Published: 22nd February 2019
How the women hostellers in the College of Engineering, Trivandrum fought to get their curfew extended
The student representatives and the members of the group Azadi of CET have been fighting for this relaxation for months now
How would it feel to roam around the campus, watch the sunset or read a good book peacefully at the library after the sun sets? All these were alien to the inmates of the Ladies Hostel (LH) at the College of Engineering, Trivandrum. While the 'rules' mandated them to stay indoors after 6.30 pm every day, they'd see their male counterparts staying out late, even beyond 9.30 pm, the original curfew.
But today, all this is history. A new ruling by the Higher Education Department of the Government of Kerala, issued on February 21, states that the residents of the LH can stay outside till 9.30 pm, just like the men, as the libraries and labs close only at 9 pm.
The ruling is a result of endless strikes and struggles by the students of the college, especially the group, Azadi. We sought to look back at the timeline of the events and how Azadi came into existence. Hence, we decided to ask Anjuradh TR, the college students' union's women's representative and an active member of Azadi.
The struggle for the extension of the curfew dates back to 2015. Back then, a group of students held a strike against the college administration. But a joint meeting by the college administration and the Parent Teachers Association dismissed the demand. "The students always wanted to push for a change in the curfew timings," says Anjuradh. "When I contested for the college union elections, this was the only demand that most of the women put forward. So we took it up," she adds.
Following this, the union also strengthened the Azadi group and decided to take up the issue. The first step was to file an RTI to find out what the official government order says about the work hours of the library, labs and the hostel curfew. "The response was that the hostel works 24/7. We also found out that the libraries and the labs do not function till 9 pm, as they are mandated to," says Anjuradh. But when the student representatives approached the principal about the same, they were asked to talk to the government officials.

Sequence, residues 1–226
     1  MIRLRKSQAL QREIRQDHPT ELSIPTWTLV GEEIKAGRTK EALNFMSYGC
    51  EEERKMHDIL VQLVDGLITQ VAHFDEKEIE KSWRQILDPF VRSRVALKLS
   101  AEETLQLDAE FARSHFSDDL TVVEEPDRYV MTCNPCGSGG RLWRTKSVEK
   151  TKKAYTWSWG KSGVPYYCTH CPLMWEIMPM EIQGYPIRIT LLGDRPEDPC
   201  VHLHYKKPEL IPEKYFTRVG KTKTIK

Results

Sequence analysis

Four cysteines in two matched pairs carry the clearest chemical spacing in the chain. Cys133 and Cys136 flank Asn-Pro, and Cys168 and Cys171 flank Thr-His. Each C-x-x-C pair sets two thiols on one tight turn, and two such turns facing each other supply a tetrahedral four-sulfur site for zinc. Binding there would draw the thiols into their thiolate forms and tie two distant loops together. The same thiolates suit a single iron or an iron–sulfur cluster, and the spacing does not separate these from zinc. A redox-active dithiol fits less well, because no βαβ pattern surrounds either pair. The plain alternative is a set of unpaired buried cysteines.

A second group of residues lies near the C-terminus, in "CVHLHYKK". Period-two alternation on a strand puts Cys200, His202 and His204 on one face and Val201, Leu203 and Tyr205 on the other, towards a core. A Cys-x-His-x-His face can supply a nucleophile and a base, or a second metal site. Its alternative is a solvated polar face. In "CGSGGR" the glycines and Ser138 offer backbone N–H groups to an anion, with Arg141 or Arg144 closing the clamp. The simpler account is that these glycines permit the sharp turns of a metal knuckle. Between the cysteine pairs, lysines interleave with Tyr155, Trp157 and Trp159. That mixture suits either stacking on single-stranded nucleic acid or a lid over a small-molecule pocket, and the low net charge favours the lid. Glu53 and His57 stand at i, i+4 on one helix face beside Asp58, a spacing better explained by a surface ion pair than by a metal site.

But for these activists, that was the biggest turning point in their story. Anjuradh tells us how. "We met Dr T K Anandi, State Gender Advisor, Government of Kerala to discuss the issue. She told us that such an order doesn't exist and the principal has the right to take a decision on the issue. Finally, she told us, 'there is no rule, so why don't you break the unwritten one?' That was what insipred us the most," she says. That night, 10 students stayed out of the hostel post 6.30 pm and enterred the building only at 9 pm.
The last three to enter the hostel, including Anjradh were told that they cannot enter without stating a reason for being late. "We were adamant about not stating a reason. We were questioned on the grounds of morality too, but we still didn't give up," she says. The spark spread like fire and the next night, 100 students stayed outside till 9 pm. This carried on to the next day, but the wardens and the principal told the students that they would not be able to enter the hostel without providing a proper explanation. Following this, the students called for a strike on the college premises. No authorities met the protestors till the next morning.
The next day, the students were told that their parents will be called for a meeting to discuss the issue. "But we protested. We're all above 18 and can make decisions ourselves," says Anjuradh. While the protest went on, the students were informed by Dr Anandi that Usha Titus IAS, Principal Secretary - Higher Education Department will be meeting the principal. "It was around 9.30 at night, when we got the official notice by the government saying that the curfew has been extended," she tells us.
Even though the primary issue is resolved, Anjuradh says that Azadi has a lot more to do. "Ours is the only engineering college that has a relaxed curfew now. We are planning to expand the movement to other colleges in the state too," she says, hoping for a new era of resistance in Kerala.